For Rob, his main goal was to see how he would go against Luke Fink, a man who had proved unbeatable in the Australian drift scene. In a formidable S14 chassis that is highly developed and with Luke’s sheer level of skill, he is hard enough to get up next to in a battle, let alone try to give him a push in a battle.
Luke secured the number one qualifying position and Rob surprised himself by securing the number two qualifying position. In our first round, we had no idea where we rank in the field, but to end up fighting up the pointy end of the field was everything we hoped for. The battles were door to door, but Luke proved why he held the top spot as he secured the round win.
Round Two took us another 1,702km from home as we hit up the Thunderdome at Calder Park Raceway. Completed in 1987, the Thunderdome was brought to fruition by Australian motorsport legend Bob Jane in an effort to bring NASCAR to Australia. Unfortunately, NASCAR in Australia never hit the dizzying heights that it sees in the USA. The Calder Thunderdome has lost some of its former glory and in some parts, even has a post-apocalyptic feel!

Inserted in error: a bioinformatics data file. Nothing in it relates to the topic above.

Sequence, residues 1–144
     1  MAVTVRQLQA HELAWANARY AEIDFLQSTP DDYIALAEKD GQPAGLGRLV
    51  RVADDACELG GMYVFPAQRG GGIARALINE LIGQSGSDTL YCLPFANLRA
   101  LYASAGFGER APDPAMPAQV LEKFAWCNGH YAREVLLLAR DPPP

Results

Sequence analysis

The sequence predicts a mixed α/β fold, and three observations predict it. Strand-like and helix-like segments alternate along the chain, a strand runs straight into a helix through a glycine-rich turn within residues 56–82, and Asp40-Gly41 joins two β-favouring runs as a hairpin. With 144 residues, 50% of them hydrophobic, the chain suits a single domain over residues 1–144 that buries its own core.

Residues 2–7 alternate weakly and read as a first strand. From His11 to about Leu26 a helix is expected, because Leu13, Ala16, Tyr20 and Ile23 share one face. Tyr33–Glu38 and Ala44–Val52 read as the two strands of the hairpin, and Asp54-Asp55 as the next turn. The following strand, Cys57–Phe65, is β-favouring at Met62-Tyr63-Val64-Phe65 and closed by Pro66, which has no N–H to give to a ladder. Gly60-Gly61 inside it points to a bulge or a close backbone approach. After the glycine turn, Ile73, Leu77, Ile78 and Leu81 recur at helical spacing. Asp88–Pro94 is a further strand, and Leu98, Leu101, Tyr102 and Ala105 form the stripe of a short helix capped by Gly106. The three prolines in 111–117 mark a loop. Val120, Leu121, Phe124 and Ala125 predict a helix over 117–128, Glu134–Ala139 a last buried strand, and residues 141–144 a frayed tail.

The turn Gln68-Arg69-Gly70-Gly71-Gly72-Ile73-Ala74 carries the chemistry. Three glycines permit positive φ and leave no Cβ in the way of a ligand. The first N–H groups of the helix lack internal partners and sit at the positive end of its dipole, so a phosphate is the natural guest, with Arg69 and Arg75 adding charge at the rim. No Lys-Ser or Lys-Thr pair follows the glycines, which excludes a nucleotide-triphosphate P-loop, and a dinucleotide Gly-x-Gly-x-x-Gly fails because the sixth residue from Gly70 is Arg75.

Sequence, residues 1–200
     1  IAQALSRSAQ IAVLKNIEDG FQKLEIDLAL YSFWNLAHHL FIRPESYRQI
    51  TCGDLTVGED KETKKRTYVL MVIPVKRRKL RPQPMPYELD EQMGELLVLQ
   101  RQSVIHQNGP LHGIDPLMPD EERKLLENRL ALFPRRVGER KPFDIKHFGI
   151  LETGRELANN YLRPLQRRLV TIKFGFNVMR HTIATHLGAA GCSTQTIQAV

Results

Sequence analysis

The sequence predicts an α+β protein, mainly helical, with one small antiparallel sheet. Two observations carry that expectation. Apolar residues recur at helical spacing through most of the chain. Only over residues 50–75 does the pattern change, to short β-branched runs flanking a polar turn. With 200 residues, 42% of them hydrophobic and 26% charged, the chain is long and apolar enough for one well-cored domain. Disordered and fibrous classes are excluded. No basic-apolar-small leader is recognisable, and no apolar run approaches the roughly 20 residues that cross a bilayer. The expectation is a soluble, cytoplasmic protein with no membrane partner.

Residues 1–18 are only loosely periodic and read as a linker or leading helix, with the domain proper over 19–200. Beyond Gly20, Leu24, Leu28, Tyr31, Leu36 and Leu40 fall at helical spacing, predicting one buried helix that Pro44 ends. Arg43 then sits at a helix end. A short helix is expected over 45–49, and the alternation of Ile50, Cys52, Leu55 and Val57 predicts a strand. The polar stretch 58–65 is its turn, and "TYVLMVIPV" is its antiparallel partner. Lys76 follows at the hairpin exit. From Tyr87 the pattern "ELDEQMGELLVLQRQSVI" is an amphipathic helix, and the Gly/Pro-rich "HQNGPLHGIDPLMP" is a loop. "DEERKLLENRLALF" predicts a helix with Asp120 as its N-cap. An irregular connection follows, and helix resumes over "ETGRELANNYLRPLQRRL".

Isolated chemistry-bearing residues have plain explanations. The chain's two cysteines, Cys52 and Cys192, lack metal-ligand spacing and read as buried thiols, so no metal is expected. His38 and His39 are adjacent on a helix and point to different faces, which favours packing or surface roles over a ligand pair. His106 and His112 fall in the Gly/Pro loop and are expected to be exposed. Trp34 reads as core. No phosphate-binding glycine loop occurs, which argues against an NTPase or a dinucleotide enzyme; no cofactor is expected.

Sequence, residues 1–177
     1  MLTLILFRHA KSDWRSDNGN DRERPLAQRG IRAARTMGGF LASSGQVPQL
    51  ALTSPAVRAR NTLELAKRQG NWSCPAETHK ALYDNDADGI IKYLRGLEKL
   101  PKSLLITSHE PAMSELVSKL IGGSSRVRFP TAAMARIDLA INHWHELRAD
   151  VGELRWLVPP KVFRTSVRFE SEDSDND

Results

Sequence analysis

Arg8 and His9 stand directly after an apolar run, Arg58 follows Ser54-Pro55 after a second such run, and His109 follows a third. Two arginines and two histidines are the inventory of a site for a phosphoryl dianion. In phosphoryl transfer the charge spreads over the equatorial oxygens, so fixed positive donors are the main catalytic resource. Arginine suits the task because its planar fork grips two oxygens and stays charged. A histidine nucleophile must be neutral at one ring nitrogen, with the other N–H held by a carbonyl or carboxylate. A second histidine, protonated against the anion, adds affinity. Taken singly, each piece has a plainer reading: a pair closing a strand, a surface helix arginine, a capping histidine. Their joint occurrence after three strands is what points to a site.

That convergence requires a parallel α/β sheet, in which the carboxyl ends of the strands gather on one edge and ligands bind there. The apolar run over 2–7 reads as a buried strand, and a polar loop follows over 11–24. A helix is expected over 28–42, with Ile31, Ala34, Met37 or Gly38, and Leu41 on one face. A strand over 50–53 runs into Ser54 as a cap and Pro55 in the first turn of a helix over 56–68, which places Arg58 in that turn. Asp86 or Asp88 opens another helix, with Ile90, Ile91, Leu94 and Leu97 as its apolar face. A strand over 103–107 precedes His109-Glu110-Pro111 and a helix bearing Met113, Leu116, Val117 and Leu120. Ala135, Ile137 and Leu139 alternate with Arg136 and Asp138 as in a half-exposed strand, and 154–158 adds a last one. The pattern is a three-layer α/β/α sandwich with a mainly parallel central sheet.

Strangely, this adds to the appeal of the whole event and I even spotted Bob Jane himself at the track over the weekend!
With two wall running, outside clipping points, the track made for some incredible battles and once again, we saw the onset of rain adding another dimension to the battles.
The drivers made the most of the high speed technical track, putting on an impressive show for the crowd.
Having had a chance to find his feet, Rob managed to lay down a perfect run and secured the top qualifying position.
Heading in to the top 32 battles, it was always going to be a tense day.
In between sessions to break up the pressure, the team hit the track on their Fiik boards tearing round the circuit!
With Luke Fink qualifying in second position, our hope was to again face up against Luke and do our very best against him. Our hopes were realised, when the final battle came down to Luke and Rob. Almost like clockwork, the heavens opened up drenching the track, for a repeat of the rain soaked final that we saw in Tasmania.
The battles between Luke and Rob were so close that the judges called for a re-run. The judges had made their decision, but decided to wait until the presentation to announce the result.